Emperor Gaozu of Han
||This article includes a list of references, but its sources remain unclear because it has insufficient inline citations. (February 2011)|
A portrait of Emperor Gao in Sancai Tuhui.
|Emperor of the Han dynasty|
|Born||256 BC or 247 BC|
|Died||1 June 195 BC
(aged c. 60-61 / c. 51–52)
|Reign||28 February 202 BC – 1 June 195 BC|
|Courtesy name||Ji (Chinese: 季; pinyin: Jì; Wade–Giles: Chi)|
|Posthumous name||Emperor Gao (Chinese: 高皇帝; pinyin: Gāo Huángdì; Wade–Giles: Kao Huang-ti)|
|Temple name||Taizu (Chinese: 太祖; pinyin: Tàizǔ; Wade–Giles: Tai-tsu)
Gaozu (Chinese: 高祖; pinyin: Gāozǔ; Wade–Giles: Kao-tsu)
Emperor Gao (256 or 247 – 1 June 195 BC), commonly known by his temple name Gaozu, personal name Liu Bang, courtesy name Ji, was the founder and first emperor of the Han dynasty. He ruled China from 202–195 BC. Gaozu was one of the few dynasty founders in Chinese history originating from the peasant class.
Liu Bang initially served as a minor patrol officer in his hometown, Pei County (in present-day Xuzhou, Jiangsu), under the Qin dynasty. Sometime in the 210s or 200s BC, he rebelled against the Qin government by releasing a group of convicts he was escorting to Mount Li to construct Qin Shi Huang's mausoleum, after which he and his followers became outlaws and took shelter on Mount Mangdang. In 208 BC, when rebellions erupted throughout China to overthrow the Qin Empire, Liu Bang formed his own army and participated in the insurrection. He styled himself "Duke of Pei" and emerged as one of the most prominent rebel leaders after taking control of Pei County and some adjacent counties. After the fall of Qin in 206 BC, Xiang Yu, the de facto chief of the rebel forces, divided the former Qin Empire into the Eighteen Kingdoms. He declared himself the king of Western Chu and appointed 17 former rebel leaders – including Liu Bang – as the rulers of the other kingdoms. Liu Bang became the "King of Han" and was given a domain in the remote Bashu region (parts of present-day Sichuan). Later that year, Liu Bang led his forces out of Bashu and attacked and conquered the Three Qins, three of the Eighteen Kingdoms which were nearest to his domain.
From 206–202 BC, Liu Bang engaged Xiang Yu in a power struggle – historically known as the Chu–Han Contention – for supremacy over China, while concurrently invading and subjugating the other kingdoms. In 202 BC, the war concluded with victory for Liu Bang, who succeeded in unifying most of China under his control. Liu Bang established the Han dynasty and was proclaimed Emperor that year. During his reign, Liu Bang reduced taxes and corvée, promoted Confucianism, and suppressed revolts by the rulers of some vassal states, among other things. He also initiated the policy of heqin to maintain peace between the Han Empire and the Xiongnu after he lost to the Xiongnu at the Battle of Baideng in 200 BC. Liu Bang died in 195 BC and was succeeded by his son, Liu Ying (Emperor Hui).
- 1 Birth and early life
- 2 Insurrection against the Qin dynasty
- 3 Chu–Han Contention
- 4 Establishment of the Han dynasty
- 5 Reign
- 6 Death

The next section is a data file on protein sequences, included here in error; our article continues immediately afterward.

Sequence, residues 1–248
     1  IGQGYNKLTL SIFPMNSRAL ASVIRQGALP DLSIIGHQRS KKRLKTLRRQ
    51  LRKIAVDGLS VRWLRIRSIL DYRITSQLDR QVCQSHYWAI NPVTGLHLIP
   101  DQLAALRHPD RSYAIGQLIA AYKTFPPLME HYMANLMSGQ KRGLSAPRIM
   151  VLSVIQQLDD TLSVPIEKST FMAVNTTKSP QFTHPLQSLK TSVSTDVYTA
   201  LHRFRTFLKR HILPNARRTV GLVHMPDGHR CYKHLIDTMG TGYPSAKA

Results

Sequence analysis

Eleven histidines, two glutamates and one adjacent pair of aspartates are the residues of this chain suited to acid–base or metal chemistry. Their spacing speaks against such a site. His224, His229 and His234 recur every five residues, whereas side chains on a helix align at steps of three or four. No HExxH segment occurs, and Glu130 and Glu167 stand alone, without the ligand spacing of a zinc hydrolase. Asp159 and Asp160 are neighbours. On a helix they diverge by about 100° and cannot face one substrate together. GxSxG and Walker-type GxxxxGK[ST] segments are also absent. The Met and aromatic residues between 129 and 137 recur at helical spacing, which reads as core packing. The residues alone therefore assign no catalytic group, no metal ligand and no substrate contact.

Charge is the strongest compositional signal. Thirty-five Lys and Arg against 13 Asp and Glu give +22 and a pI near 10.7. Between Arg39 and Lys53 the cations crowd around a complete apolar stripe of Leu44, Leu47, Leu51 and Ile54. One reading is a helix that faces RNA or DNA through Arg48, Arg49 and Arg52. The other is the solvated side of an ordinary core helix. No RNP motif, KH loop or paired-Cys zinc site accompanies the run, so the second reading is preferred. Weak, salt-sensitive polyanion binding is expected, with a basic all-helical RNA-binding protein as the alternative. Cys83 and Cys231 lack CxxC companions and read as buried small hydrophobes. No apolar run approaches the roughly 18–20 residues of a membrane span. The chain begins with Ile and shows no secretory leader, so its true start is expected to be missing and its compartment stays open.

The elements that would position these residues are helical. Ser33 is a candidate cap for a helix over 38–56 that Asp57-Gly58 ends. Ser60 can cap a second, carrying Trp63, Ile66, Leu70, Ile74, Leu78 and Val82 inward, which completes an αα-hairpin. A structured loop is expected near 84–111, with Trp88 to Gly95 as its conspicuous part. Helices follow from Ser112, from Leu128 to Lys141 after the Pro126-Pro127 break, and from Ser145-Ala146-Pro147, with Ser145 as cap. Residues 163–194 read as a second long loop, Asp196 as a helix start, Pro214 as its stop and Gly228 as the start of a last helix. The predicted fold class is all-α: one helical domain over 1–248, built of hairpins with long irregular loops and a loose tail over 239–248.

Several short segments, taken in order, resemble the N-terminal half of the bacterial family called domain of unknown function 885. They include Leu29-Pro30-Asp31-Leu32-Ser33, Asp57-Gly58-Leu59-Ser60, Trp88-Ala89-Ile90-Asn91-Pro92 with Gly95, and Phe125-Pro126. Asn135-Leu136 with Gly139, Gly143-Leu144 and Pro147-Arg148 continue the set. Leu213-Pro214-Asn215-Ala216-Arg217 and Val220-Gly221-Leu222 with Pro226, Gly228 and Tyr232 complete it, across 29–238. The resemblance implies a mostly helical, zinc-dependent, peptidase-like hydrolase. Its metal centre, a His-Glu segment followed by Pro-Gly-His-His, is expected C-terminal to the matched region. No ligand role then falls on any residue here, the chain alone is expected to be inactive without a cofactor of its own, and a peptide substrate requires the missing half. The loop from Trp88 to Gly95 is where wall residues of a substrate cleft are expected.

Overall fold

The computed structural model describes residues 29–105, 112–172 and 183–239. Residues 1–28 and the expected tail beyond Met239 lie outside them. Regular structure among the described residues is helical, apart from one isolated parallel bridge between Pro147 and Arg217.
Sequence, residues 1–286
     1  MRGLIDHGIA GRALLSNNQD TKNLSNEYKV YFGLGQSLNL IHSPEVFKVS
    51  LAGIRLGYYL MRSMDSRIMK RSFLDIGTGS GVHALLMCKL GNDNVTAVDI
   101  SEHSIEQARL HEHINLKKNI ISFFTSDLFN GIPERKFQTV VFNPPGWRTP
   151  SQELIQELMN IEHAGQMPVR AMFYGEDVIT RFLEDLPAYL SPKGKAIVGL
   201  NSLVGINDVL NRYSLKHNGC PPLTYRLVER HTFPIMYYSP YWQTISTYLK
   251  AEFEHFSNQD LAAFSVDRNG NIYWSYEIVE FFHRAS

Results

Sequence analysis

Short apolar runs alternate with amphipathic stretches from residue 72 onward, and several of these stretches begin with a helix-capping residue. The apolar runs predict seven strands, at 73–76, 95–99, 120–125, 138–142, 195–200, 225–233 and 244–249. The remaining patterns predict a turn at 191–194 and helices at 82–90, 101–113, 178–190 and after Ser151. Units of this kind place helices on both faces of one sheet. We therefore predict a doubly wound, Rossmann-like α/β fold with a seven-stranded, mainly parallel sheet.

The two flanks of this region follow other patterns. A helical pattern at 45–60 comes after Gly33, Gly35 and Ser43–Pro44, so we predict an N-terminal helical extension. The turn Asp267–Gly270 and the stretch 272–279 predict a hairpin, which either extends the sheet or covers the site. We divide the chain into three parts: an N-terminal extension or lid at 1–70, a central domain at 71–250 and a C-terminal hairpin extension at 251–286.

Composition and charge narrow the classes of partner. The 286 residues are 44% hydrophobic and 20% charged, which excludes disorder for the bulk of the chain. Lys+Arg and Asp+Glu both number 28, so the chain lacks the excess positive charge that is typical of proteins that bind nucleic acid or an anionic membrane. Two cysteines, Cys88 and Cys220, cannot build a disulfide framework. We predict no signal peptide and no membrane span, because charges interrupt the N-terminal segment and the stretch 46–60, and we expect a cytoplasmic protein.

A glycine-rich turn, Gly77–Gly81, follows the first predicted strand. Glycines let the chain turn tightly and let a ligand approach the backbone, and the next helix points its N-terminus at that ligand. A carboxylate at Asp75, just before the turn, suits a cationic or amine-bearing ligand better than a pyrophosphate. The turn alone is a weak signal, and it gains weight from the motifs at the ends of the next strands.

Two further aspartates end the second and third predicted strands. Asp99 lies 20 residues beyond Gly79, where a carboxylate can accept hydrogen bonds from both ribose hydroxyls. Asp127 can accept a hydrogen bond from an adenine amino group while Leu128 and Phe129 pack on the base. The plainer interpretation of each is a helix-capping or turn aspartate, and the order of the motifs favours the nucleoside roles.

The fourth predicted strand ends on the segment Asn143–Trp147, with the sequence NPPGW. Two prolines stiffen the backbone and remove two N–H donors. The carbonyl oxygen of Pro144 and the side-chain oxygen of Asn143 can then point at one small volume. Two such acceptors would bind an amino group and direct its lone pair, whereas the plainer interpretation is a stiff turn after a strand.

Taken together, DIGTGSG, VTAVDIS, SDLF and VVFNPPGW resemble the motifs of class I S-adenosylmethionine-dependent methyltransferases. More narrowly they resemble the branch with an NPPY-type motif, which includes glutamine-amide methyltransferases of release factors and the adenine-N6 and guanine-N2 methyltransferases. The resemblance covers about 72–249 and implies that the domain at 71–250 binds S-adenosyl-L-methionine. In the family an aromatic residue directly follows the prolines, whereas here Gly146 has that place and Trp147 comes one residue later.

- 7 Song of the Great Wind
- 8 Family and descendants
- 9 Modern references
- 10 See also
- 11 Notes and references
- 12 External links
Birth and early life
Liu Bang was born in a peasant family in Zhongyang Village (中陽里), Feng Town (豐邑), Pei County (沛縣), which is in present-day Feng County, Xuzhou, Jiangsu. His parents' names were not recorded in history and they were simply referred to as "Liu Taigong" (劉太公; lit. "Old Sir Liu") and "Liu Ao" (劉媼; lit. "Old Madam Liu"). In legend, before Liu Bang's birth, his mother was caught in a rainstorm and took shelter under a bridge. Just then, there was lightning and thunder and the sky darkened. Liu Bang's father went to fetch his wife home and saw a dragon hovering above her. She became pregnant and gave birth to Liu Bang later.
Liu Bang had a high nose, whiskers and a beard, which made him resemble a dragon in appearance. He had 72 dark spots on his left leg. The young Liu Bang was outspoken, charismatic, and of great forbearance and tolerance. However, he enjoyed loafing, disliked reading, and showed no interest in farming, hence his father often called him a "little rascal". Liu Bang persisted in his idling ways and depended on his brother's family for food and lodging. When he grew older, he was appointed as a low-ranking patrol officer, forged close relationships with the local county bureaucrats, and earned himself a small reputation in his hometown. When he had drinks with his friends in the local taverns, they noticed a silhouette of a dragon over him whenever he was drunk. The tavern owners felt that Liu Bang was an extraordinary person and provided him with drinks free of charge.
One day, Lü Wen (呂文; also called Lü Gong 呂公), a respectable man who had recently moved to Pei County, was visited by the elites in town. Xiao He, who was in charge of helping Lü Wen collect gifts from the visitors, announced, "Those who do not offer more than 1,000 coins worth of gifts shall be seated outside the hall." Liu Bang went there without bringing any money and said, "I offer 10,000 coins." Lü Wen saw Liu Bang and was so impressed with him on first sight that he immediately stood up and welcomed Liu into the hall to sit beside him. Xiao He told Lü Wen that Liu Bang was not serious, but Liu ignored him and chatted with Lü. Lü Wen said, "I used to predict fortunes for many people but I have never seen someone so exceptional like you before." He then offered his daughter Lü Zhi's hand in marriage to Liu Bang and they were wed. Lü Zhi bore Liu Bang a son (Liu Ying, the future Emperor Hui) and a daughter (the future Princess Yuan of Lu).
Insurrection against the Qin dynasty